An ice-free Arctic may become the reality by 2054, says a newly released study by researchers at the State University of New York at Albany. While previous reports have pegged the climate-change milestone to anywhere between 2015-2100, by using two approaches to model conditions, study leader Jiping Liu was able to significantly narrow the time-frame.
Some experts find the precision of Liu's estimate to be "almost comical," but the range is "pretty typical of these models," Mark Serreze, an expert on Arctic sea ice at the National Snow and Ice Data Center told NBC News.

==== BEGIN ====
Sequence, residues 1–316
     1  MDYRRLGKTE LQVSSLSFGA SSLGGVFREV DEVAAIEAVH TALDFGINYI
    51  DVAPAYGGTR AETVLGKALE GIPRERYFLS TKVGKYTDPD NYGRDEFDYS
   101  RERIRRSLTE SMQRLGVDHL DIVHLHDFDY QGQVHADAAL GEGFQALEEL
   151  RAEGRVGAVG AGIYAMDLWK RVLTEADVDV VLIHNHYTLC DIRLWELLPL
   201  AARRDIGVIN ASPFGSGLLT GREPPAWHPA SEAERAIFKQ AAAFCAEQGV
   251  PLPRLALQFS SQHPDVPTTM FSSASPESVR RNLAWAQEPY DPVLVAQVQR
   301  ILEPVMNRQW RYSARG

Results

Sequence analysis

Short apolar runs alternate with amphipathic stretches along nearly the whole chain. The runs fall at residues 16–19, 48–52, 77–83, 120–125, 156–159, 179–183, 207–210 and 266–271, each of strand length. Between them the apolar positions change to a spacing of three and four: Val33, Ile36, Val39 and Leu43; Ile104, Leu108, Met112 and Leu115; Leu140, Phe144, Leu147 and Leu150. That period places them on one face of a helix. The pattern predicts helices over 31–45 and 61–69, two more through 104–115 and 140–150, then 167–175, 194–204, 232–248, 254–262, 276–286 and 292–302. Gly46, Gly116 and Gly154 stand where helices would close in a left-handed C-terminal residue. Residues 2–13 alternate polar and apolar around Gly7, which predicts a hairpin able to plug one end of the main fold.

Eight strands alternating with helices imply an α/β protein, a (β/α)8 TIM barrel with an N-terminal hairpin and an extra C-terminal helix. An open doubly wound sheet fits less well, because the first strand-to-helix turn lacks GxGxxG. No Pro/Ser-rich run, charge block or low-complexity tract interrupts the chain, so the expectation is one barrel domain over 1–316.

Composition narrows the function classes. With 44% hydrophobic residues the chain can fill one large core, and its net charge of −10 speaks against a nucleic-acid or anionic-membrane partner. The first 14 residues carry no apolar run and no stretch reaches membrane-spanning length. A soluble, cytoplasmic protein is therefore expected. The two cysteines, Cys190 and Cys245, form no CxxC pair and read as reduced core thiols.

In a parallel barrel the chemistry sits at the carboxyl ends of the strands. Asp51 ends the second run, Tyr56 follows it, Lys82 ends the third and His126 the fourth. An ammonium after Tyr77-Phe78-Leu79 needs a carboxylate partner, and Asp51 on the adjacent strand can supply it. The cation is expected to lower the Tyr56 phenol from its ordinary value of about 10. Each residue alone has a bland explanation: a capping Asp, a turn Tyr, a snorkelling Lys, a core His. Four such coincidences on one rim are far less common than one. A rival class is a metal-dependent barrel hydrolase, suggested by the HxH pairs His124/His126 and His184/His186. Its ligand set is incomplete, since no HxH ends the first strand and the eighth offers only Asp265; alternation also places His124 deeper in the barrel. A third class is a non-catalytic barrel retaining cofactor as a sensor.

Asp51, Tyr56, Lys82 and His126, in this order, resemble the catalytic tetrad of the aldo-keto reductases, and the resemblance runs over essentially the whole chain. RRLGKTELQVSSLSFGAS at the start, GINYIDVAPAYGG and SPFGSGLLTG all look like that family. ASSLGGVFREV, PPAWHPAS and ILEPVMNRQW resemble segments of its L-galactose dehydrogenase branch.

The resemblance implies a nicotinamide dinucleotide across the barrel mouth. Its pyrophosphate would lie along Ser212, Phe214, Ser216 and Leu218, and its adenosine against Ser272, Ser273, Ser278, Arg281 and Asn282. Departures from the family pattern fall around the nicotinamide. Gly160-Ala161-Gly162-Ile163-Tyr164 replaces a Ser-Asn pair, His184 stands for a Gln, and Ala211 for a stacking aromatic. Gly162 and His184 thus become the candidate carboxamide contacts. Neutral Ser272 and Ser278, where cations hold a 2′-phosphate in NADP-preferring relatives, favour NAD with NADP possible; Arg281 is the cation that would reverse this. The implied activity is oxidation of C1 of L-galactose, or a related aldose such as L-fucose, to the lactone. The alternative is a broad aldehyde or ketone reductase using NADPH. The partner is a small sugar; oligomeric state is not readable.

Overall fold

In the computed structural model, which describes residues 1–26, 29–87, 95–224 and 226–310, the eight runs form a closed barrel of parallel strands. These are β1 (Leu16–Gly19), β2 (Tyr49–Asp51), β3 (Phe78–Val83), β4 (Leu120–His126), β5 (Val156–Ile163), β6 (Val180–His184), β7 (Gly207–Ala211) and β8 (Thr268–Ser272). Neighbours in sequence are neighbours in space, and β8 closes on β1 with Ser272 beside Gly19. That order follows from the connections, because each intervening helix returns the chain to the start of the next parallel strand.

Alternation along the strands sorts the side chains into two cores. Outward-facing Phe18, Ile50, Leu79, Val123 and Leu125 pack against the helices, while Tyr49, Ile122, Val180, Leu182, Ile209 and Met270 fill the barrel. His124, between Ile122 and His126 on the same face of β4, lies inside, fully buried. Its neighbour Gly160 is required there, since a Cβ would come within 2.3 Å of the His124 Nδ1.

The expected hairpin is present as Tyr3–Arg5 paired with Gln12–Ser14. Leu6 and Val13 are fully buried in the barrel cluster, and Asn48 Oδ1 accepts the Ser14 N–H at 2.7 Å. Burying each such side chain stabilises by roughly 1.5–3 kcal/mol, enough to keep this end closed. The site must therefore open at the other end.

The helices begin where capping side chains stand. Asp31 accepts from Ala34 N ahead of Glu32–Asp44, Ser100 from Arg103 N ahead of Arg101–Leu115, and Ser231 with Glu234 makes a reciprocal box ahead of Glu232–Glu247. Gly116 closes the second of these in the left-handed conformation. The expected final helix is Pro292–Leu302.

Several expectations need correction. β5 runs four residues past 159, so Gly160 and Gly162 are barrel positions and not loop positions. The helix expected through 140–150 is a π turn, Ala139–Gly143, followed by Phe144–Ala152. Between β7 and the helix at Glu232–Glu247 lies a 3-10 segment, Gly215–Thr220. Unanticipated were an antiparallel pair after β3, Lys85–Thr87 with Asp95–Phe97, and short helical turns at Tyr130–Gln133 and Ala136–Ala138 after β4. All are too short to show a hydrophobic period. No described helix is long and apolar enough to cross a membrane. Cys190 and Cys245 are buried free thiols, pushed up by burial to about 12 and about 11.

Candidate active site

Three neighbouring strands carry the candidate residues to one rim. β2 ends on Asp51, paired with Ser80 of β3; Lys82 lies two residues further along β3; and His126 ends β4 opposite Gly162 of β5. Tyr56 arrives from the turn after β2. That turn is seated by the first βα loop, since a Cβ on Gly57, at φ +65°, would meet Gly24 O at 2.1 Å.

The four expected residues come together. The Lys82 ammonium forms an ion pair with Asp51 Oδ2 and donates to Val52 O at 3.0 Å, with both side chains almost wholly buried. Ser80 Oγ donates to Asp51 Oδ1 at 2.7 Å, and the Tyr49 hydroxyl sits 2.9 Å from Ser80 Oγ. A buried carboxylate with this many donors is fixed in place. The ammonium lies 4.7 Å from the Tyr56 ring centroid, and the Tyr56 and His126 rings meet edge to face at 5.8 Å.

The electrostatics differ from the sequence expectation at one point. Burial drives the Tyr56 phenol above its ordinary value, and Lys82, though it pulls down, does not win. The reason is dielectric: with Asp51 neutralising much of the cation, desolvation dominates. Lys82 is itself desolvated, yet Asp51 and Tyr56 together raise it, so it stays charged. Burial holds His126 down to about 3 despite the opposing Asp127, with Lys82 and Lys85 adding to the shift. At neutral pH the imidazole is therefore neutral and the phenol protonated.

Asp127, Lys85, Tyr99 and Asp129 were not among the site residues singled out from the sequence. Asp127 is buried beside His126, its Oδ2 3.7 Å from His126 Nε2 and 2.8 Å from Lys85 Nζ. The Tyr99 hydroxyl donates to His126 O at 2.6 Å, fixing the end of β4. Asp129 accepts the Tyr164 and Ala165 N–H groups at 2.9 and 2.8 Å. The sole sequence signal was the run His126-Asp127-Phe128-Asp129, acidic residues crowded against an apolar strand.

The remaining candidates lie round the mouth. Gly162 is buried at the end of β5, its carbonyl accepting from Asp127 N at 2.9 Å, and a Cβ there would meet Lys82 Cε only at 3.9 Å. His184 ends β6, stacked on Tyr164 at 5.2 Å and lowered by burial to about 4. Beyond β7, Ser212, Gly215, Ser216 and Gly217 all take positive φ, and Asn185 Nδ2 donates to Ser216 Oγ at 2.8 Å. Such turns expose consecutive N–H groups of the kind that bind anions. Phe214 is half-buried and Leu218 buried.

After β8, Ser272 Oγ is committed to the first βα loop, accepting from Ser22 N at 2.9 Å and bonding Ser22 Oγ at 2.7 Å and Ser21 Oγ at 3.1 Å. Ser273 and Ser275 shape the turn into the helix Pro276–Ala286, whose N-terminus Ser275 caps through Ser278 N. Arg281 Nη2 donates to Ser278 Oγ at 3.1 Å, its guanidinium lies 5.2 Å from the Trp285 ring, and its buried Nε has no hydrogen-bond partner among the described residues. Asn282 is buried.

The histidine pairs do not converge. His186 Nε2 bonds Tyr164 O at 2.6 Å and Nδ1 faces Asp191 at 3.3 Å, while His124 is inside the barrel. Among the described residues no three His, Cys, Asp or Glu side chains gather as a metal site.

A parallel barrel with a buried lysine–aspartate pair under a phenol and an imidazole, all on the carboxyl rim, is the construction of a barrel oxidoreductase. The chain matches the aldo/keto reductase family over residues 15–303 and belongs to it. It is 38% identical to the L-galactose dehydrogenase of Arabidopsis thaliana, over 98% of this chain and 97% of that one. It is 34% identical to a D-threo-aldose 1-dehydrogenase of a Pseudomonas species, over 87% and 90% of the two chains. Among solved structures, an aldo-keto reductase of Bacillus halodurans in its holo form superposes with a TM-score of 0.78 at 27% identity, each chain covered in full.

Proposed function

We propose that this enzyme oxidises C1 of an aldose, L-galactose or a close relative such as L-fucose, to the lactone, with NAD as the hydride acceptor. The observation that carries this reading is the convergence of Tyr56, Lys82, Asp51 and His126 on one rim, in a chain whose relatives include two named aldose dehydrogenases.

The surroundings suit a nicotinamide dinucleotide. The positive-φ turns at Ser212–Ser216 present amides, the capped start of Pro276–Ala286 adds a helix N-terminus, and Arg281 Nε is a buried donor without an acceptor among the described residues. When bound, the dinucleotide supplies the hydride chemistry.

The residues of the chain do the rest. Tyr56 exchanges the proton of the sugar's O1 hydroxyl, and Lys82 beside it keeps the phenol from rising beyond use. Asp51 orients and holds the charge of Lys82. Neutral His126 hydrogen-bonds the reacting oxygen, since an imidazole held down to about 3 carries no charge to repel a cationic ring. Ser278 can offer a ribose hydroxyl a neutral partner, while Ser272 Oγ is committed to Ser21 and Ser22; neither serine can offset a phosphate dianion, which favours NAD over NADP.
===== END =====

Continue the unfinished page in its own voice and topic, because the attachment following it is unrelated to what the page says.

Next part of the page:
Compared to Liu, Serreze thinks the Arctic will become ice-free by 2030, but says there is an element of unpredictability to the reports. "Because what we're seeing here is that the sea ice cover continues to surprise us."
Changing conditions in the Arctic threaten polar bear and seal habitats and are projected to dramatically shift global climate patterns.